Letters to the Editor

Alarming situation

Editor:

At 6:30 a.m. Friday morning, I heard someone trying to break into my house. My car was visibly parked in the driveway and we have alarm-company signs visible around the house.

I called 911 and went to the door. When I asked the man who he was, he knocked ever so lightly and said nothing. He was Caucasian, 25-40 years old, with a black and red hat,  about 5’11”, with either a large mole or tattoo on his cheek.

I am a single, 60-year-old female.

The police showed up after 10 minutes. I asked them to search my house and yard; they did not. Instead, I went inside to look, while they stood outside my house. I did not get a case file, and they stated that it may have been someone drunk at the wrong house. I have a fenced yard, which requires entering gates to get in.

They did not check the backyard or search for evidence. I found a nail clipper with the file open sitting beside my car, which was not there the evening before.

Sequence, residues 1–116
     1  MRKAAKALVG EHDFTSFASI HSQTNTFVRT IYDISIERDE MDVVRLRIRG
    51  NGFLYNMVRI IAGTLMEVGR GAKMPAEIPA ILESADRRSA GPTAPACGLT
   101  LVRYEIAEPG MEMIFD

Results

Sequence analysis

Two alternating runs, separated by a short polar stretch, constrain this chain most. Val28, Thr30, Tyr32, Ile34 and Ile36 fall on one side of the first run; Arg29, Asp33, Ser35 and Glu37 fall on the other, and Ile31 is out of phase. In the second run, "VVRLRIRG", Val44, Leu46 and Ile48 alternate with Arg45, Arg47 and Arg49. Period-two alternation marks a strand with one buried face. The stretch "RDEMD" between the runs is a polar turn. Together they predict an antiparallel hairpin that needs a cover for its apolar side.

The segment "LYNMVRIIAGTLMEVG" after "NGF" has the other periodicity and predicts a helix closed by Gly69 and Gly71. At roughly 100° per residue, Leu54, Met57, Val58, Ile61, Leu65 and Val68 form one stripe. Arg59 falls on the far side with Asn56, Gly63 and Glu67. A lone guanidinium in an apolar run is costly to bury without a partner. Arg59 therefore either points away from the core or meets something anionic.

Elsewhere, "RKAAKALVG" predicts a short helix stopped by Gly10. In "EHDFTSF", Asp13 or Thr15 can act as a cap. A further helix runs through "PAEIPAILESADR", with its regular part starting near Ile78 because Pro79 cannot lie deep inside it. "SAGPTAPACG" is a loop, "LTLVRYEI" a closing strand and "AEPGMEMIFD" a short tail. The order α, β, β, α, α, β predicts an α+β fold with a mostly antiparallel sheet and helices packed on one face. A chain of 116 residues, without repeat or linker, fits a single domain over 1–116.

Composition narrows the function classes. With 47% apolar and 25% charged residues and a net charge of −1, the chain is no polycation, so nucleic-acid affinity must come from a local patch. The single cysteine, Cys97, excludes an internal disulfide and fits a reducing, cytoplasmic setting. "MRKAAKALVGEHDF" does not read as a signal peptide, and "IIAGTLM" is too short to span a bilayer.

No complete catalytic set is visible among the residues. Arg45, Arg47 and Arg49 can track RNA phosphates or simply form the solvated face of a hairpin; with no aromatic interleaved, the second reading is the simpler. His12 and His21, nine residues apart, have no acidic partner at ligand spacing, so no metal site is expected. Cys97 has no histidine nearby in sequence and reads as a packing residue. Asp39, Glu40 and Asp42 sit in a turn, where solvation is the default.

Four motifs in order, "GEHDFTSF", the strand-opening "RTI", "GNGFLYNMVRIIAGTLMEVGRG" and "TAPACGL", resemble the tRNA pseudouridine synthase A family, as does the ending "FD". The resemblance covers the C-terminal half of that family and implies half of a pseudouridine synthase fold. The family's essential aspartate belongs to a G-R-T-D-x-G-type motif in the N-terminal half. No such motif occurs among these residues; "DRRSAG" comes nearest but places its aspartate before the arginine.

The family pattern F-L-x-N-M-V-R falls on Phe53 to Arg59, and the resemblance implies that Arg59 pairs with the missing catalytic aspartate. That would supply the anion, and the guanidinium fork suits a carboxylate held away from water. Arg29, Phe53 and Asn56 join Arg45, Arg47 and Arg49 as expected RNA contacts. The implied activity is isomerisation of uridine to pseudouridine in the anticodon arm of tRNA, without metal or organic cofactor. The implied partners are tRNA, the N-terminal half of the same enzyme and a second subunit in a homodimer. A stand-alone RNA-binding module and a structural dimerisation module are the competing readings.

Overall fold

My daughter came to check on the house in the afternoon, and found two large hand prints on one of my back windows. The hand prints are angled in a direction which signifies someone trying to push the window open. She called the police, to report the prints, as given the nature of the crime – a possible home invasion – it would be important. When she stressed the importance of it, the police told her to tell me that I can call 911 at anytime. However, while I am tied up, I will not be able to call 911.

A home invasion can serve the purpose of robbery or rape; I can only hope it was the first. I just wish to warn everyone of the potential of crime committed even when home.

I luckily lock my doors, even when home, but now will be turning the alarm on as well.

Naomi Ohlsson, White Rock

 


 


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